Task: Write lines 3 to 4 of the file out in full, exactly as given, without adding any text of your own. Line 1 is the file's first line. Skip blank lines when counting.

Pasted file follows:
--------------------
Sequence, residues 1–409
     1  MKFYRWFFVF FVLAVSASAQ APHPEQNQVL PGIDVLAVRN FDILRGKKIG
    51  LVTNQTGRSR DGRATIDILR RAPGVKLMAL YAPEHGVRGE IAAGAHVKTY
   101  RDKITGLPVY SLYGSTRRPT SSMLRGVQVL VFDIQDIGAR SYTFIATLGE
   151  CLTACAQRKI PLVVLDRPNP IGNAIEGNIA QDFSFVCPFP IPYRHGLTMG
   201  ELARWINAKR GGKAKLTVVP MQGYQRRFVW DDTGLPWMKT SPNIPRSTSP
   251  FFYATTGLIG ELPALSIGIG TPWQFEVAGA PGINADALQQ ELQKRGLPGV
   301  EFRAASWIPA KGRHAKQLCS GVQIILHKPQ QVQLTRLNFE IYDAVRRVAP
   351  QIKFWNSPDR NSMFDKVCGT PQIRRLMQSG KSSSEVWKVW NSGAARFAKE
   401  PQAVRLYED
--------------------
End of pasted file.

    51  LVTNQTGRSR DGRATIDILR RAPGVKLMAL YAPEHGVRGE IAAGAHVKTY
   101  RDKITGLPVY SLYGSTRRPT SSMLRGVQVL VFDIQDIGAR SYTFIATLGE